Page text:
Canadian Manufacturing

Energy retrofit savings—how to get the money

by Tom Routley   


So you want to save money? Invest in some energy efficiency retrofits? Be careful how you run the numbers or you might not get the best return on your investment. All too often we see retrofit decisions put back on the shelf when they fail the in-house payback hurdle. Herein lies financial opportunity.

Why payback can be underwhelming
Analyzing an investment in energy efficiency involves quantifying the amount of incremental capital required, and the value of the assumed energy savings. The payback analysis simply establishes the time period for recovering the capital investment—it doesn’t take into account the time value of money or the actual life of the equipment.

More importantly, it precludes comparison with other corporate investment choices that need to be made on an ongoing basis, such as production process improvements, which typically use more sophisticated metrics.

The one thing that can be said in favour of the payback metric is it’s easy to understand. On the downside, it typically leads to the decision not to proceed (it doesn’t appear to grasp the concept that energy savings can more than pay for the underlying equipment). So much for your savings.


ROI is misleading too
While return on investment (ROI) may look like an improvement as a financial metric—it takes into account the life of the equipment—it still doesn’t deal with the time value of money (nor for the purist, the benefits of compound interest). Without a steady cash flow stream, it will produce misleading results and again, it doesn’t allow for effective comparative investment decisions.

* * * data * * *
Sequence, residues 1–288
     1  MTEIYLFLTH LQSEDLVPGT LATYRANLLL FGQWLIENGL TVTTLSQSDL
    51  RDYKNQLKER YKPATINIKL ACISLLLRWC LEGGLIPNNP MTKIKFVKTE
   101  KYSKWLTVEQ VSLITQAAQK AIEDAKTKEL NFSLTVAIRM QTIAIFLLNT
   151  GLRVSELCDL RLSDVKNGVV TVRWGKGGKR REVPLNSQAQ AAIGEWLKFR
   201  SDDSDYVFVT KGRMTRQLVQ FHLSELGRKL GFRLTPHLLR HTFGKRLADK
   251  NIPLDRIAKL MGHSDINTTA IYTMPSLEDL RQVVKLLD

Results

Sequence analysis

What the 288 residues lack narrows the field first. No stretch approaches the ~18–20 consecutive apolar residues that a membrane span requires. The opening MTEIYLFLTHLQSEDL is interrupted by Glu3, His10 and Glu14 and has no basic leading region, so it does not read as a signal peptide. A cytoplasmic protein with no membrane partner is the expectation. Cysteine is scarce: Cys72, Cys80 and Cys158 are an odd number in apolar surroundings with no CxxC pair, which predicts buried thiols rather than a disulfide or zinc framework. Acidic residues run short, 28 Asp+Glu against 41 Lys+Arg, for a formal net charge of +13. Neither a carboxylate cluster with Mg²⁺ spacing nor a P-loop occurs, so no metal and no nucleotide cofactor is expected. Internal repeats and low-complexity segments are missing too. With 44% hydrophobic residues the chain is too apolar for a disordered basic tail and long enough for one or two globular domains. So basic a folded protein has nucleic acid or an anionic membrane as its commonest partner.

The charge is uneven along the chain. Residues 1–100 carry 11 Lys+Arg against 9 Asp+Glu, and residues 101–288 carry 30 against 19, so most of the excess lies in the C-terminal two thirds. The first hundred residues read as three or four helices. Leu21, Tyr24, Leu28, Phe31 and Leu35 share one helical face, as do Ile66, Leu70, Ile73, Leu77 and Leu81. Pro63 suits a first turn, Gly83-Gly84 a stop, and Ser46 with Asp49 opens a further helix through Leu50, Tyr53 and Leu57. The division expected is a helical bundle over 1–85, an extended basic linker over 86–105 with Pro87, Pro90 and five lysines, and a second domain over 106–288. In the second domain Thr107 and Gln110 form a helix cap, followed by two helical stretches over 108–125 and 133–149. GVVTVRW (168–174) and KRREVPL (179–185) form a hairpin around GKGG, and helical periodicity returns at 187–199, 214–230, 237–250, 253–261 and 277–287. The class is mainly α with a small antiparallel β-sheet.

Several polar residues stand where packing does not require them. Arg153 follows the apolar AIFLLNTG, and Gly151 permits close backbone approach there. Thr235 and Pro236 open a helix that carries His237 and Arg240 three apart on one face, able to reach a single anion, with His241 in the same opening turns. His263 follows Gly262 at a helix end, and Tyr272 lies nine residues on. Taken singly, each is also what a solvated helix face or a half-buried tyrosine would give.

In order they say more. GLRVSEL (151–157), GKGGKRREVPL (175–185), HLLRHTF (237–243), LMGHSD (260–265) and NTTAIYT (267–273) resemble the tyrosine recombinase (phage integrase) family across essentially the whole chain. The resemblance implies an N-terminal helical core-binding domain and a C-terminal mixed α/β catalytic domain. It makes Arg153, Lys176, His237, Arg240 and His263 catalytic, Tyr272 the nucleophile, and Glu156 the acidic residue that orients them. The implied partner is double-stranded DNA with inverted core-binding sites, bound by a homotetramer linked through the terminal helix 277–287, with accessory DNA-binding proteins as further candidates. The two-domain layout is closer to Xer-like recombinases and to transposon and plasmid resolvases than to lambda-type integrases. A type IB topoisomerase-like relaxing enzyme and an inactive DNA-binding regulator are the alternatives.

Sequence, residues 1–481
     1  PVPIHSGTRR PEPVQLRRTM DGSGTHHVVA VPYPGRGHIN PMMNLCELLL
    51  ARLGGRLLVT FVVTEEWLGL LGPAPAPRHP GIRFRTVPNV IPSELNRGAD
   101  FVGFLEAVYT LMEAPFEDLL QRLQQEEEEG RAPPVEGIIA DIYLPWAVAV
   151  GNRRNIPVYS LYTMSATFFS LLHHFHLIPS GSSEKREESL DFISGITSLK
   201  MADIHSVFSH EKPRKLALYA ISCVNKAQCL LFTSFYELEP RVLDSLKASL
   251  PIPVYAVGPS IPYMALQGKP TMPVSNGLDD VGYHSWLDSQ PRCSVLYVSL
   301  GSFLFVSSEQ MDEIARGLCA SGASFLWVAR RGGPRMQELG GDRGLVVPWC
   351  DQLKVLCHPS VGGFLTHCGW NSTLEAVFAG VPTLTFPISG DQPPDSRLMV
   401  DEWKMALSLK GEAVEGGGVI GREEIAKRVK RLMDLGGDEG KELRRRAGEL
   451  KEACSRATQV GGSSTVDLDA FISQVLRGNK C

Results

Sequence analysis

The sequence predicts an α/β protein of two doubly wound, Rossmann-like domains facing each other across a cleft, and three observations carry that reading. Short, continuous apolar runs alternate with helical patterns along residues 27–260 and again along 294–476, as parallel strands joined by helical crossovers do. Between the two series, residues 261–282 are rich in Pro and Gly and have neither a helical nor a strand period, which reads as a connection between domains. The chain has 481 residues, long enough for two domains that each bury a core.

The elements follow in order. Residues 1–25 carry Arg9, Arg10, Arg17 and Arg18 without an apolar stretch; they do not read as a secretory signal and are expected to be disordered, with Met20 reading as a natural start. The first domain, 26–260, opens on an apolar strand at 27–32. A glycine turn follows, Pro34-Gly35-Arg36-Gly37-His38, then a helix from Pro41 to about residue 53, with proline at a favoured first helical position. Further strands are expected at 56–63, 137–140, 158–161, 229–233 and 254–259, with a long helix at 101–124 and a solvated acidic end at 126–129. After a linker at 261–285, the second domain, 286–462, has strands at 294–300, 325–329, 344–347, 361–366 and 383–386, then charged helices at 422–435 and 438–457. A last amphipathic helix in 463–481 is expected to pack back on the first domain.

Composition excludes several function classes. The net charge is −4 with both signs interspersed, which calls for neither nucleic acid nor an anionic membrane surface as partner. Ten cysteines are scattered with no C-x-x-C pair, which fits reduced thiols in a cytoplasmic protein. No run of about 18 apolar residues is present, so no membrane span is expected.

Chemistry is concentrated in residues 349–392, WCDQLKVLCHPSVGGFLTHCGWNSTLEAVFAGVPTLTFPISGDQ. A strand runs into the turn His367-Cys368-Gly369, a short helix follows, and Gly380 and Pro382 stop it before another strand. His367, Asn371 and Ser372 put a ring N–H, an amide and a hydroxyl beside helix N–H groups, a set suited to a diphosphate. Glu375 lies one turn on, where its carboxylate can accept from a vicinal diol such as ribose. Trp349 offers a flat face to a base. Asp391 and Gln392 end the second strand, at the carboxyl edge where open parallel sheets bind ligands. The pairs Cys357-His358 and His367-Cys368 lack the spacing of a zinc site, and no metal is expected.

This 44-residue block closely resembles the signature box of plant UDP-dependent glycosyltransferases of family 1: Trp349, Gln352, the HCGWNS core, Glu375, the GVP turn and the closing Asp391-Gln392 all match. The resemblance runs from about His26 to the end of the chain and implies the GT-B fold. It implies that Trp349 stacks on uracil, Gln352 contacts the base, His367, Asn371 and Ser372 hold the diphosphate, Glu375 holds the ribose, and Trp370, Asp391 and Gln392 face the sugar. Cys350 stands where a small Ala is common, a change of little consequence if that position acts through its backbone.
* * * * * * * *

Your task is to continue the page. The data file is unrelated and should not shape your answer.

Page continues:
IRR is getting there
Internal rate of return (IRR) on the other hand, allows for the evaluation of overall profitability of the investment decision and is the only metric that allows for direct comparison with other internal investment decisions. IRR is the measurement tool most widely used by financial professionals.

Basically, it means the interest rate at which the net present value of cash flow (both positive and negative) equals zero. In more practical terms it’s used to evaluate the attractiveness of an investment. If the IRR of a new project exceeds a company’s ‘hurdle rate’ or rate of return, the project will be viewed favorably.

But it’s not the best metric where there are multiple investment choices, all of which achieve the necessary IRR. Why? Because IRR can’t reflect the relative size of investments and the related energy savings.

Add in NPV
The winning formula is a combination that starts with IRR. After running IRR computations to assess retrofit project compliance with your company’s hurdle rate, the last set of financial metrics is the net present value (NPV). This is actually the best method for evaluating or prioritizing a number of projects, with one caveat: it requires commitment to an appropriate discount rate. This is the rate financial staff will use to compute the present values in NPV.

While this should reflect the known cost of capital to your company, this is often a “plug” number, the choice of which can lead to inappropriate conclusions. Assuming an effective discount rate choice, running the NPV computations on those retrofit projects that achieve sufficient IRR should deliver the road map to optimizing your savings.

Don’t use these metrics to simply identify and fund only the lowest-hanging fruit. You’ll only be throttling the full range of savings, short and long term, that a more holistic retrofit program can deliver.

To learn more about calculating return on investment, check out this financial dictionary.

Jump back to Manufacturing Leadership Series: Capital Finance

Tom Routley is a sustainability financing strategist with Leapfrog Sustainability Inc. in Toronto. He has more than 30 years of experience in the financial services sector, having raised over $5 billion in structured financing. He can be reached at


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